7. Those politicians in the streets are out there because they have their own agenda. It doesn’t matter then if GMA has her own agenda. Isn’t she a politician too? In the Philippines, all politicians have their own agenda anyway. And so what? As long as I can go to the movies, drive my own car, listen to my music, send my children to school, and no traffic.

The Open Letter really opened my eyes. I thank the author and those who share his views. I think I really know what I should do when confronted again with the same scenarios as in the past weeks. I’ll be like the rest of the you, the silent majority.

manuelbuencamino said...

Don’t Be Angry, Get Smart

Dear Schubert Caesar Austero,

I am angry too. Really angry. And depressed. I hope this letter makes at least one of us feel better. It’s honest. It might be too frank at times, but we need to take stock of ourselves and the opposition.

We are facing a stubborn enemy. We have guns and the law at our disposal and yet our enemies won’t back down.

We tried to intimidate their press. We sent armed men to occupy their premises. We surrounded their buildings with “guards”, for their protection of course, but to no avail.

Our enemies smell our fear and it’s making them bolder. This is not the time to show weakness or lack of resolve on our part. We must
follow Mike Defensor’s lead and say we’re ready to shed blood to keep our leader in power.

The weekend of the EDSA 1 commemoration so shook me up, I had to go back and read the March 5, 2001 interview that Mike Arroyo granted Graphic magazine. I had to remind myself why and how we captured Malacañan. I needed Mr. Arroyo’s words.

He said, “I told myself: it’s now or never; if we lose here we’re totally destroyed and it’s goodbye to her political career - but if we
win here, she becomes President! So we really fought.”

And Atty. Arroyo reveals that his group was ready to shoot its way into Malacañan.

He said, “In every place where Erap loyalists had a force, we had a counter-force to face it, with orders to shoot. And not only in Metro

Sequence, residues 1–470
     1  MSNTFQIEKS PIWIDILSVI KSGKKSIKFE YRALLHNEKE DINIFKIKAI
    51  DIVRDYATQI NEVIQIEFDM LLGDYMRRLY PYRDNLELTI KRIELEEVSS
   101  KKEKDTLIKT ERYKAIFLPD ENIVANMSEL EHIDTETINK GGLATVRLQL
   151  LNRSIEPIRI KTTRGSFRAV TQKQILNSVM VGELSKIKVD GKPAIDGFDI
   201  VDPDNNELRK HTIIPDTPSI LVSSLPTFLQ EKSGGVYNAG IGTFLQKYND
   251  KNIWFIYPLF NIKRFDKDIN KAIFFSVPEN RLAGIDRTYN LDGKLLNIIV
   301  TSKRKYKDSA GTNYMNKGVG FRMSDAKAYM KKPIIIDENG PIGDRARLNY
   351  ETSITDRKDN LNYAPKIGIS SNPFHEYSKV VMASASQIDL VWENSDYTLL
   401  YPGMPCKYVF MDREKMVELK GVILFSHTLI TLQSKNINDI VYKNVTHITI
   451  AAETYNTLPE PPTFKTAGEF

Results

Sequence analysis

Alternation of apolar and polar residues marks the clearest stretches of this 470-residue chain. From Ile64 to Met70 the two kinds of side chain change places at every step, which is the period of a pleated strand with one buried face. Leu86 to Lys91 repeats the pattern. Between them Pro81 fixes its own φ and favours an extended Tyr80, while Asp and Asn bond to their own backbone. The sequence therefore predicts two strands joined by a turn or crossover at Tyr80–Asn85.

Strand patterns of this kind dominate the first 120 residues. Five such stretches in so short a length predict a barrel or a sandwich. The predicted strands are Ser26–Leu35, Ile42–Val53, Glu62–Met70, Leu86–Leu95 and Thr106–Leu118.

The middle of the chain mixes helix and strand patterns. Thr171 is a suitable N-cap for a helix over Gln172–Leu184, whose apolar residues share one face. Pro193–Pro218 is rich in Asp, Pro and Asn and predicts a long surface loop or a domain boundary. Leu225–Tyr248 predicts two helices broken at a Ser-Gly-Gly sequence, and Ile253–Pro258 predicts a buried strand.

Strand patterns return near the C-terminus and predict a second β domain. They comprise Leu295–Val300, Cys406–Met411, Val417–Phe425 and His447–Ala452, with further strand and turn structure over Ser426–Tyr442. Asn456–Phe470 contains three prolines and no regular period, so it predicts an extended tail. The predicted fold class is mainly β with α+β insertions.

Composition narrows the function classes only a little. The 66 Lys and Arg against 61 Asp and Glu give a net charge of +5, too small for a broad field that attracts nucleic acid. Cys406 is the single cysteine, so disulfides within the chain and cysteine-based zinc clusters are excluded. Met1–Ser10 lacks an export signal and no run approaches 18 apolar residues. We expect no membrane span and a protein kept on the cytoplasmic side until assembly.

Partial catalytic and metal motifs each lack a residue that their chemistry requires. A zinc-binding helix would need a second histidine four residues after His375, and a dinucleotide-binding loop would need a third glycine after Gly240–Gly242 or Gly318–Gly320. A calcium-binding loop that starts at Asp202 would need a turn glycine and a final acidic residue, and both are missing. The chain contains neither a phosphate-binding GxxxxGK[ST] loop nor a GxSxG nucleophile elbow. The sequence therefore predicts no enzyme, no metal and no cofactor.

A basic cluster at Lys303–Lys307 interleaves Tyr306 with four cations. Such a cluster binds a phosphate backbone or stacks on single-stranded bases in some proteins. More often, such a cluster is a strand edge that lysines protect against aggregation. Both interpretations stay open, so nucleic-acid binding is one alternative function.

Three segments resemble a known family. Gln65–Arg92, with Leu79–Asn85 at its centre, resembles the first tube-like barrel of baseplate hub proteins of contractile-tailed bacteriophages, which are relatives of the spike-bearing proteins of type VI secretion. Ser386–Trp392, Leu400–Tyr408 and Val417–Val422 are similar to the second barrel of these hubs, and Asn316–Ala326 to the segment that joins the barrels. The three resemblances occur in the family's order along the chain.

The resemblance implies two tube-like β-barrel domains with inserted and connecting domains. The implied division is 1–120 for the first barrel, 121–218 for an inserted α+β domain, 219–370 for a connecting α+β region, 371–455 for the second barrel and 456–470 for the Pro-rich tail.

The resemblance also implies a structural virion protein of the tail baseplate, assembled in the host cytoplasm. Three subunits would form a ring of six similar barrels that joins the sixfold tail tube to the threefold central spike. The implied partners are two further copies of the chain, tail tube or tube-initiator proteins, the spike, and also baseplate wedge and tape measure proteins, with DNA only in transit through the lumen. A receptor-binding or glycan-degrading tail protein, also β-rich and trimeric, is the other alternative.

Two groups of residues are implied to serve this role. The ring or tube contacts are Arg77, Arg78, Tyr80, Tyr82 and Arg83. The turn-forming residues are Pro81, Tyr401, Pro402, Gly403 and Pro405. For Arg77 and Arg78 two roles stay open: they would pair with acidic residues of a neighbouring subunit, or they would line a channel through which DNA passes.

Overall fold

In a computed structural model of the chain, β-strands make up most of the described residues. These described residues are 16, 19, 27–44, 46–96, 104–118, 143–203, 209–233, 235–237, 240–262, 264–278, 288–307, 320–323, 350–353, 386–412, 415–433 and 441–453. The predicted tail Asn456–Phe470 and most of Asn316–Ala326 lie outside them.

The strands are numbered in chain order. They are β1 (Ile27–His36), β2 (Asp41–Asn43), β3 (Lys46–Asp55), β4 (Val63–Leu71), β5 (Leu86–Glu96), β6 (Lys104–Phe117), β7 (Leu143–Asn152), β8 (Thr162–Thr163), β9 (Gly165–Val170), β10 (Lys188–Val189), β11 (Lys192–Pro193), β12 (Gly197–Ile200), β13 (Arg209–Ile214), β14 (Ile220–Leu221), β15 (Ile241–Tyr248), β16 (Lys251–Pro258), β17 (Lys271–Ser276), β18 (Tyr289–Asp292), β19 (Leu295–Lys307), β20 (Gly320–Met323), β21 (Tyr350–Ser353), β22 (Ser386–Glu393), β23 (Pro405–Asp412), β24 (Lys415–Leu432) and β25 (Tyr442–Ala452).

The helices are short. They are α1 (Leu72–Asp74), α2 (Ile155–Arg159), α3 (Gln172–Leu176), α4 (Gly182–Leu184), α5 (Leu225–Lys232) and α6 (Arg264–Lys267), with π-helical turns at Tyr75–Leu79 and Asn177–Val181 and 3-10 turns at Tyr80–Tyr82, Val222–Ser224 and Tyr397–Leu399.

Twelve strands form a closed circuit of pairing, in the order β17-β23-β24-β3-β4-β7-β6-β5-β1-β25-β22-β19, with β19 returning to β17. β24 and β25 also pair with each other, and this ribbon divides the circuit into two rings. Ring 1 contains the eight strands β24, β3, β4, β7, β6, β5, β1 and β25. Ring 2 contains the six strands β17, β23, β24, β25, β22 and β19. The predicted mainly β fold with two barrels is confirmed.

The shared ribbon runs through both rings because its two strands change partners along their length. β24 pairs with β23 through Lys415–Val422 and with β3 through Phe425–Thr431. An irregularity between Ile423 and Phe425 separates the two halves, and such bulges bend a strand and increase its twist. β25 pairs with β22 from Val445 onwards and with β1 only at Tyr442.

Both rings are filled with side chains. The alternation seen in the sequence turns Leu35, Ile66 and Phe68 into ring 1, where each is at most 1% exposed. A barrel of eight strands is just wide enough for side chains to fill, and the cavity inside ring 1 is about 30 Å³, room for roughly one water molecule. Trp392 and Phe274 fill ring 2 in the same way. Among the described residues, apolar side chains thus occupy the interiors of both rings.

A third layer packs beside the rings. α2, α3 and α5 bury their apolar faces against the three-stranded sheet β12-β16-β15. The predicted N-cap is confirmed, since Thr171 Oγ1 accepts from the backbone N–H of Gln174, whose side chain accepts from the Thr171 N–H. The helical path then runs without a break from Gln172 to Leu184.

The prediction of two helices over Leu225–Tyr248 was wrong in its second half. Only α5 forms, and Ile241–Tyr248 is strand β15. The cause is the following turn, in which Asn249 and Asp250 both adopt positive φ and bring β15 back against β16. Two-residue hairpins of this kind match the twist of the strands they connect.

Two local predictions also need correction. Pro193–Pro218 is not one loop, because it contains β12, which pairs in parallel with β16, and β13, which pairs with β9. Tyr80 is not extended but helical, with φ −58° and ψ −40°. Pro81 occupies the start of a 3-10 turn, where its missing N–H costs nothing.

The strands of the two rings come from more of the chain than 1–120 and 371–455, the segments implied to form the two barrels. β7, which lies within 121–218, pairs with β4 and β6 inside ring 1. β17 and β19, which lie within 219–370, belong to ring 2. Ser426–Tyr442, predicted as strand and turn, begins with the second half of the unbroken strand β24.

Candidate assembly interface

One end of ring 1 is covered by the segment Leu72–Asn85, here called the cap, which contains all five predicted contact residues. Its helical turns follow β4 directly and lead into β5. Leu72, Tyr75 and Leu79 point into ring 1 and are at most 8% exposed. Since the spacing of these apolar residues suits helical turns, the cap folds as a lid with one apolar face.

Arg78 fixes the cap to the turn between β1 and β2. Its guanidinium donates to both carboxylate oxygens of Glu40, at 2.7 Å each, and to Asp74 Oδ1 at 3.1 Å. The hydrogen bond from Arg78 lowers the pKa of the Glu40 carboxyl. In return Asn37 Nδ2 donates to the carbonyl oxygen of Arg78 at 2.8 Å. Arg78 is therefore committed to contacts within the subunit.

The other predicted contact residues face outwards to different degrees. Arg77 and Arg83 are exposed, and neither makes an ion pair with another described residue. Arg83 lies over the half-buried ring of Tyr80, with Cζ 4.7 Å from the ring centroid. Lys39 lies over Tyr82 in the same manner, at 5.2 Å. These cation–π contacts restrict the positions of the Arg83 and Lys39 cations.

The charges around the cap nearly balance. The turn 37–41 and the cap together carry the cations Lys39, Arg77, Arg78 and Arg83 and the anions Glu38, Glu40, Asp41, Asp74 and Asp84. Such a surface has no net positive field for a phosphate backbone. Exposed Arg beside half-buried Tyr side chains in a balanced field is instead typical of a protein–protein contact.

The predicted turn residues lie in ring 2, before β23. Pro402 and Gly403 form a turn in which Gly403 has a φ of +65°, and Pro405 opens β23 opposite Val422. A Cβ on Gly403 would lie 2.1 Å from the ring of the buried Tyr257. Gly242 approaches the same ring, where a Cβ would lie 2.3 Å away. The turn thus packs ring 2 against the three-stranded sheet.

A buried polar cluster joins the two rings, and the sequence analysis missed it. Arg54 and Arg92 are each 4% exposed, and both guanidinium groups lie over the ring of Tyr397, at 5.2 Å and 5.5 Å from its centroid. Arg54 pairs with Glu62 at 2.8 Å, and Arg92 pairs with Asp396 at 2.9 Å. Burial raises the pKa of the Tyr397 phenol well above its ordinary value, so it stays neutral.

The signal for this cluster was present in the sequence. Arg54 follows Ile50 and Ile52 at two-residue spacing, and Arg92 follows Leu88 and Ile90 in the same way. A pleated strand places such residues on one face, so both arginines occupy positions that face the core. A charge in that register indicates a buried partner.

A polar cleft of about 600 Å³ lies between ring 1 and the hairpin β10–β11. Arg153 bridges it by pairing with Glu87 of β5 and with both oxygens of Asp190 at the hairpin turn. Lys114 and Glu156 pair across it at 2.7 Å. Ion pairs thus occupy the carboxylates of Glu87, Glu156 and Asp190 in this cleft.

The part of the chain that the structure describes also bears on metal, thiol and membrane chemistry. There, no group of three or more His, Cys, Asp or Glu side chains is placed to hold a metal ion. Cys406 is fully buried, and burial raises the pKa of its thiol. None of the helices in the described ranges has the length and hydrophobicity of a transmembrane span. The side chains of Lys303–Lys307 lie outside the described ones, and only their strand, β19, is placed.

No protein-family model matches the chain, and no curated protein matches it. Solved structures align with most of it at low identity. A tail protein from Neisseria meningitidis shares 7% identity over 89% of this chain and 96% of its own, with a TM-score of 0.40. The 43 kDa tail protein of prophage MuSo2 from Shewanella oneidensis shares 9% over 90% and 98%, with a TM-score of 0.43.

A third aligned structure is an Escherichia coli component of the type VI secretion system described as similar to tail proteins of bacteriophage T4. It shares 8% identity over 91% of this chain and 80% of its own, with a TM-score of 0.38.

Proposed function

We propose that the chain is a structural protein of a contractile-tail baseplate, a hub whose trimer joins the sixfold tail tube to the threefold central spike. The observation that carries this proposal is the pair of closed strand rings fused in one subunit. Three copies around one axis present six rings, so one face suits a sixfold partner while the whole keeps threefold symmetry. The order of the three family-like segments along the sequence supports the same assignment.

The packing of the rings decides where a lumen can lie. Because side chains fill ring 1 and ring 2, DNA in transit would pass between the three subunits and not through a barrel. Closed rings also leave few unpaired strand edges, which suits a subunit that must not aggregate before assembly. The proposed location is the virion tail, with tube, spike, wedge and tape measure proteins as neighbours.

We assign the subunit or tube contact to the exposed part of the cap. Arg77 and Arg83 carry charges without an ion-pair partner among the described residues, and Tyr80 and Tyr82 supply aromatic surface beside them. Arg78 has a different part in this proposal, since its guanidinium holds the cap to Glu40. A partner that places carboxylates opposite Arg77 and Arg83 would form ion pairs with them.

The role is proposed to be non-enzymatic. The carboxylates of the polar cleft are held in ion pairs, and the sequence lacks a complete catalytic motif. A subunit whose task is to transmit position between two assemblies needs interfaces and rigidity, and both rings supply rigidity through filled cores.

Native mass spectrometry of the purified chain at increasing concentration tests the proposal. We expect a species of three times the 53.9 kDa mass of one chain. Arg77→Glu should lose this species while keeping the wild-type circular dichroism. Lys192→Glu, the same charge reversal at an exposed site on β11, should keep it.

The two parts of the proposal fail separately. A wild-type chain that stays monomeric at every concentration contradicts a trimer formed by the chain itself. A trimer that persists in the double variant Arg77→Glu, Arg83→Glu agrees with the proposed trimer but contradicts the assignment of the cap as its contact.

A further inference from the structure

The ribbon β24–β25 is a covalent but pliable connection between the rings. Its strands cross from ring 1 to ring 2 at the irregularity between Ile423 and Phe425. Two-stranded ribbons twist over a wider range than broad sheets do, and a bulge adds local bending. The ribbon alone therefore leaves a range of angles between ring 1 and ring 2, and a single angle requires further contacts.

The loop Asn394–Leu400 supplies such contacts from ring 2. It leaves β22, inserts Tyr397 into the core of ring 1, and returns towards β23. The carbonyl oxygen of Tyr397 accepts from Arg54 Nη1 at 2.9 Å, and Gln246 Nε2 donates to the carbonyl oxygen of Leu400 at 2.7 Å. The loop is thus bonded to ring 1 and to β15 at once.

Manila. …. This was a fight to the finish… ”

Those words never fail to boost my spirits. It makes me feel confident, reassured that our leader will not go down without a fight.
Read the magazine. It will do you good.

Now, we have to do a little constructive self-criticism. We have to identify our shortcomings if we want to win this “fight to the
finish”. As Atty. Arroyo said in that interview, “Panalo kung panalo. Patay kung patay.”

I don’t know why you said we are prepared to experiment with authoritarianism to move this country forward only to turn around and
say we will stand up and fight when we feel our rights and our freedoms are imperiled.

Why did you try to disguise the fact that we want authoritarian rule but only under our leader? Let’s not be shy about our agenda. Shyness only makes us look weak and indecisive.

We shouldn’t whine either. We can’t cry about having to suffer immorality because the opposition does not offer us any alternatives.
That’s wimpy. And it only shows we are incapable of thinking for ourselves. It might even fuel speculation that we have some
deep-seated doubts about our leader.

Besides, the opposition will say if we’re really serious and sincere about looking for an alternative, we should look for it ourselves. And they would be right.

We can’t claim our leader has been working really hard to move the country forward and then not offer any evidence. We’re not paid
hacks.

Let me remind you that the opposition has been working very hard to substantiate their accusations against her.